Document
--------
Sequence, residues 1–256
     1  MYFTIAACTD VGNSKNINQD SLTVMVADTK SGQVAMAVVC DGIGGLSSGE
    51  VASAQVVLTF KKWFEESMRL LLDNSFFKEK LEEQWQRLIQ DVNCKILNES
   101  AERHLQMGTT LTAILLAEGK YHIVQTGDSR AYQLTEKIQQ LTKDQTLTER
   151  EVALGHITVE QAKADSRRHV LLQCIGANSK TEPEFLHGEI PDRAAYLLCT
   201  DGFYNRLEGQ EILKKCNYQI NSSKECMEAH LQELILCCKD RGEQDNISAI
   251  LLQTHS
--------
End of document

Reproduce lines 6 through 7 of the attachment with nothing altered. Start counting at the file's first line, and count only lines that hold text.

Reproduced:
   201  DGFYNRLEGQ EILKKCNYQI NSSKECMEAH LQELILCCKD RGEQDNISAI
   251  LLQTHS